On this episode of the Legal Technology Review Podcast, it's the best new apps for lawyers, for iOS and Android, released or updated in June 2016. With apps for task and calendar management, navigation, file scanning and document management, and more, you're sure to find an app to help improve your law practice.
If you are one of those lawyers who still thinks that you don't have anything of value that hackers might want, you're in trouble. More importantly, you're leaving yourself and your clients in a risky, vulnerable situation. Fortunately, the most important and effective things you can do won't cost an arm and a leg. Nope, just a little will to get the job done.
One of the most important things a law firm does is establish relationships. As a lawyer, your relationships with your clients, your prospective clients, your colleagues, and your vendors make up your network. The stronger your network, the more likely you'll generate additional levels of trust, greater authenticity, and - hopefully - more and better referrals. This kind of thing doesn't happen overnight, and for most lawyers, it's not exactly second nature. So how are you handling the management of your network? What proven methods are you using to ensure that your prospective clients are convinced that you're right for them and, once they decide they need your services, how are you making it as easy for them as possible to sign up? That's what the right CRM system can bring to your law firm.
On this episode of the Legal Technology Review, I'm joined by Sean Dennin and Peter Mansmann, the CEO and President, respectively, of Precise, Inc., talking about their newest product, Precise. Using psychological and demographic analysis, Precise allows you to find out how a prospective juror might respond to certain aspects of your case, ranging from broad win-loss analysis and case valuation, all the way down to whether or not your case should include the testimony of a specific witness. Given the decline in the number of jury trials, fewer attorneys and businesses have a firm understanding of how a jury will react to a case. With Precise, you can get breakdowns by age, gender, occupation, and Myers-Briggs personality type, to make sure you have the best possible information when you determine your strategy.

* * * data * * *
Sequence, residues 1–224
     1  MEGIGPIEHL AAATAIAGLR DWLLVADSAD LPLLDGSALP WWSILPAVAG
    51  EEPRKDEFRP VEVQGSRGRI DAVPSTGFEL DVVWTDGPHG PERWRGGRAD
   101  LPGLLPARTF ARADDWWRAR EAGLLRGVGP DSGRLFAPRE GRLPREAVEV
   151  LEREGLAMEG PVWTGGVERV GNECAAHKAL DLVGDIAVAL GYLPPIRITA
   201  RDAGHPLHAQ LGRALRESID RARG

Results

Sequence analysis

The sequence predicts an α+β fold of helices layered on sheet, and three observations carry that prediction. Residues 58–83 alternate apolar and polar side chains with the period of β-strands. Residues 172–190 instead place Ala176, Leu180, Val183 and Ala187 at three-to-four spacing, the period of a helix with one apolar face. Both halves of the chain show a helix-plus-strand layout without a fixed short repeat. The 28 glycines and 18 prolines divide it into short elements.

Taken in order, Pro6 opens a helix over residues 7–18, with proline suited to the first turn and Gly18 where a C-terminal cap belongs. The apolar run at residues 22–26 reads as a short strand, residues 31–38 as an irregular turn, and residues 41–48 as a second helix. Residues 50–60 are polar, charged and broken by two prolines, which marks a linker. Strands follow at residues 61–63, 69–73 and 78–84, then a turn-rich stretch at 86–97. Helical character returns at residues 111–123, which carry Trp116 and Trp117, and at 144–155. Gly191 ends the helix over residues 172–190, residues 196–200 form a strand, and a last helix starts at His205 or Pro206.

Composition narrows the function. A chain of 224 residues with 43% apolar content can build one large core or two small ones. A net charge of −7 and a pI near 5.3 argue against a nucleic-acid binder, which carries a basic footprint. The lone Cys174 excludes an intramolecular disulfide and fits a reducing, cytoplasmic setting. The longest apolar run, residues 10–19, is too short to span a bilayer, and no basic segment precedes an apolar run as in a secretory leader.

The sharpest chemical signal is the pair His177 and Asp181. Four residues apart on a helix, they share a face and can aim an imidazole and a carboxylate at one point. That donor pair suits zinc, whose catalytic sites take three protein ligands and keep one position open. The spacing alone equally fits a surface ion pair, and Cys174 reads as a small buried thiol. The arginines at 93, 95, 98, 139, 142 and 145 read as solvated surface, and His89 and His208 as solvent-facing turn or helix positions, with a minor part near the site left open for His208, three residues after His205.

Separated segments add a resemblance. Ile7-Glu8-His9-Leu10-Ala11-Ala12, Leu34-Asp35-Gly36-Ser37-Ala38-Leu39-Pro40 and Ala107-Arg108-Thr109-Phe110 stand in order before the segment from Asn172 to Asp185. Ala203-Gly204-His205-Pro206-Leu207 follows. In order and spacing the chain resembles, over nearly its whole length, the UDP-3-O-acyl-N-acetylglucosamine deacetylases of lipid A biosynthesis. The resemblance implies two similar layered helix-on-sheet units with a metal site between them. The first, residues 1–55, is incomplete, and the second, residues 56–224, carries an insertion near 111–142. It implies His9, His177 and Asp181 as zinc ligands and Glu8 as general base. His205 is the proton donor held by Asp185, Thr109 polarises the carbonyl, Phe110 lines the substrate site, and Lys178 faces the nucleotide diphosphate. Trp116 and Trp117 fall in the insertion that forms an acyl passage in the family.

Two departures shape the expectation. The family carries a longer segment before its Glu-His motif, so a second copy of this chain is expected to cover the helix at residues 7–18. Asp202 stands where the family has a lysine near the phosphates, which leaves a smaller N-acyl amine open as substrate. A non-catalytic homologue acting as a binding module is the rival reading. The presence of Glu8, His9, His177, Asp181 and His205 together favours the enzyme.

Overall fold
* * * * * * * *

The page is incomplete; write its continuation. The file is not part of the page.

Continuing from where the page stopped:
With new and updated apps for email, task management, improving mindfulness, encrypted communication, helping recent grads get a job, tracking your time, tracking your ideas, and even tracking your speed on the highway, there's bound to be one that can help your law firm out! These are the best new apps for lawyers, for iOS and Android, released or updated in April 2016.
This year at ABA TECHSHOW, Rocket Matter unveiled a massive overhaul to its user interface, dramatically boosting the visual quality and utility for its users. In this video podcast, Rocket Matter's founder and CEO Larry Port walks us through the update, and shows off some other new features.
With it's new UI, new Workflows, and updated billing options, Rocket Matter is a case management system that your law firm needs to take a look at.
With new mobile app for iOS, Android, and Windows Phone, including apps to help you send encrypted email, find relevant accounts on Instagram, along with some major updates to Microsoft's Office apps and some of the most used task management and calendaring apps available, you won't want to miss the best new apps for lawyers, released or updated in March 2016.
New and updated mobile apps, for iOS, Android and Windows Phone, for lawyers and legal professionals. New apps for task management, office productivity, video conferencing, and one of the coolest public speaking training systems available, released or updated in February 2016.
The best new apps for lawyers, whether iOS, Android or Windows Phone, released in January 2016. On this podcast, we'll be talking about the best new mobile apps for productivity, organization, task management, secure file transfer, and marketing your law firm. Oh, and at least one app that'll definitely be an eye opener. (Yes, I'm ashamed of myself for making that joke, but oh well.)